ING Looks Abroad For Bond Returns
With much of the juice squeezed out of the U.S. bond market, ING Investment Management is positioning itself for better returns abroad.
“Global diversification is an attractive opportunity,” said Christine Hurtsellers, chief investment officer of fixed income and proprietary investments for ING. “There’s ample opportunity over the coming years within both developed foreign bond markets and emerging markets.”
Simple maths underpins ING’s investment thesis. Yield on the benchmark 10-year U.S. Treasury note has fallen to about 2% as of this month from 5% five years ago. The compression generated total return of 48% for the years 2007-2011 inclusive, a remarkable run for what is perceived as a risk-free asset.
But with bond yields at record lows, few market participants see much in the way of additional upside. For their part, ING managers expect a generally stable ‘coupon-clipping’ market for at least the near term; not bad, but not good enough to stand pat on positions.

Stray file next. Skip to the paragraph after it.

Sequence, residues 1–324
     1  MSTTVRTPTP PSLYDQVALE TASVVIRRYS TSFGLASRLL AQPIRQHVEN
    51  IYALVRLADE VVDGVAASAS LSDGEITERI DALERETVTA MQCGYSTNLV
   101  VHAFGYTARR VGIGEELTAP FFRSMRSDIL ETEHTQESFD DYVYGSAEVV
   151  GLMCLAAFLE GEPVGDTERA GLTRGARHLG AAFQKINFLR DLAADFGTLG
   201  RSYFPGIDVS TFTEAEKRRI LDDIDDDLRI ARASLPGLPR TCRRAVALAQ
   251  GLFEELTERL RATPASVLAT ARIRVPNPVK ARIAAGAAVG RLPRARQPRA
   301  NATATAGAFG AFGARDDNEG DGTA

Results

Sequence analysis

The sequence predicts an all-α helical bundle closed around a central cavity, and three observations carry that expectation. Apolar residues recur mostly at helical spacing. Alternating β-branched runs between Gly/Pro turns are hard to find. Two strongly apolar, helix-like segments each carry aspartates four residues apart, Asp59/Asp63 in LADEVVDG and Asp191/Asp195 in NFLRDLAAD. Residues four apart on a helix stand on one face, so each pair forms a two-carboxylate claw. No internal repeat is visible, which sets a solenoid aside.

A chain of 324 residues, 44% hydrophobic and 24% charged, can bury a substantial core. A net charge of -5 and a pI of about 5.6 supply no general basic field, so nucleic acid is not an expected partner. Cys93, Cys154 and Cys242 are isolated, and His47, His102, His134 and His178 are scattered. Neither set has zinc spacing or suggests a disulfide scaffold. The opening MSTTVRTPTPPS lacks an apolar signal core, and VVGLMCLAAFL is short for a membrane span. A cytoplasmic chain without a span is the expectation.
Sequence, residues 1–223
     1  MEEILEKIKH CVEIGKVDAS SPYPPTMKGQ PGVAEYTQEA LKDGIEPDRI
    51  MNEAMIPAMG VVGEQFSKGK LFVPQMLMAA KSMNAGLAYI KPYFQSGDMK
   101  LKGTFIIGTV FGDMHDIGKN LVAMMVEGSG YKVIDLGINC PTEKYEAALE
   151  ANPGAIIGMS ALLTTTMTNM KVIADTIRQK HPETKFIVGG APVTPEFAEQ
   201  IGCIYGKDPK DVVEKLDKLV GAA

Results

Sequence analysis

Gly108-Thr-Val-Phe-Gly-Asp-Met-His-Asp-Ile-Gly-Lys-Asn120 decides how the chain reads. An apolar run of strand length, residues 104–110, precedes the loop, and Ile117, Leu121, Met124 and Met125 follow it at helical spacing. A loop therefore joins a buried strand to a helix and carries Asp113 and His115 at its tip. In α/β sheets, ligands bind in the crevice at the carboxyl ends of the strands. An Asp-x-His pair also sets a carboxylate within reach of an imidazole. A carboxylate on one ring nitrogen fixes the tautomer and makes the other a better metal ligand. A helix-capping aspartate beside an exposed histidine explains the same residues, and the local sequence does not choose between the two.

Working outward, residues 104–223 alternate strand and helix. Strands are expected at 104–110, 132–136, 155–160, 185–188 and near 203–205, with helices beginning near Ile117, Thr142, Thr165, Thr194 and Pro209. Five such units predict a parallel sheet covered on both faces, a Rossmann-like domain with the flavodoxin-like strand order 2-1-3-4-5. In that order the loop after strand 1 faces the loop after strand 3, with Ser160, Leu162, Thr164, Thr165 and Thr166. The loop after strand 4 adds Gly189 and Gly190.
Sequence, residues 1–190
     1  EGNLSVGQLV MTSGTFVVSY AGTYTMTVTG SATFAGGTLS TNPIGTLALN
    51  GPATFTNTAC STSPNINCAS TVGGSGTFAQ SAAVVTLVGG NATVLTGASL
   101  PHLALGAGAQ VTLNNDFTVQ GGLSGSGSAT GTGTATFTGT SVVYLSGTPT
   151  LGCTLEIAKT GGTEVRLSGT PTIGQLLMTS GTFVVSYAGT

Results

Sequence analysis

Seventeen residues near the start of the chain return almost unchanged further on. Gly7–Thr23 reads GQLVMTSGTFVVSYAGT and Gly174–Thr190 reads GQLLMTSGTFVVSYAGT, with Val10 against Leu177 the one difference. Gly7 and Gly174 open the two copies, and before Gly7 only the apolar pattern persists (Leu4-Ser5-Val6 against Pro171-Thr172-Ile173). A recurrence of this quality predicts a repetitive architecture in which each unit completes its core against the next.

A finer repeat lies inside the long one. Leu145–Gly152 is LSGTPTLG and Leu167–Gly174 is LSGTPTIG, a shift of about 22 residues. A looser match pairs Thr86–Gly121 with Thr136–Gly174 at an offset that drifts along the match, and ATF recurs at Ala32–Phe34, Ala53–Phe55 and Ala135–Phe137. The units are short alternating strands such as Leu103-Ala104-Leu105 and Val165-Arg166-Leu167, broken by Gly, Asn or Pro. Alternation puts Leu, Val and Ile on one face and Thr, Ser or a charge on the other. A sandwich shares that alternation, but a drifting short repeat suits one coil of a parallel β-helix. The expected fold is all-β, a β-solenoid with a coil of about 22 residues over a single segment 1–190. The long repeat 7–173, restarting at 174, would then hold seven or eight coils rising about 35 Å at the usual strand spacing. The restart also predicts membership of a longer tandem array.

“In this low interest rate environment in the U.S., people are continuing to look for opportunities to diversify away from U.S. interest rate risk,” said Matt Toms, head of U.S. public fixed income at ING. “Add in the longer-term belief that the dollar is poised to weaken given current fiscal and monetary policy, and that opens up opportunities for foreign currencies and foreign bonds to potentially outperform over a long-term horizon.”
ING Investment Management, based in New York, is the primary asset management unit of Dutch financial service giant ING Group. ING Investment Management manages about $166 billion, of which $120 billion is in fixed income and managed out of Atlanta.
Of the fixed income assets, about $38 billion is in investment-grade corporate bonds; $15 billion is in residential mortgages, predominantly agencies with some non-agency and subprime; and $2 billion is in high-yield bonds. The rest is spread across cash, Treasuries, hard and local currency sovereign debt, structured credit, private placement and commercial loans. Most of ING’s clients are institutional, though there is a $12 billion mutual fund business.
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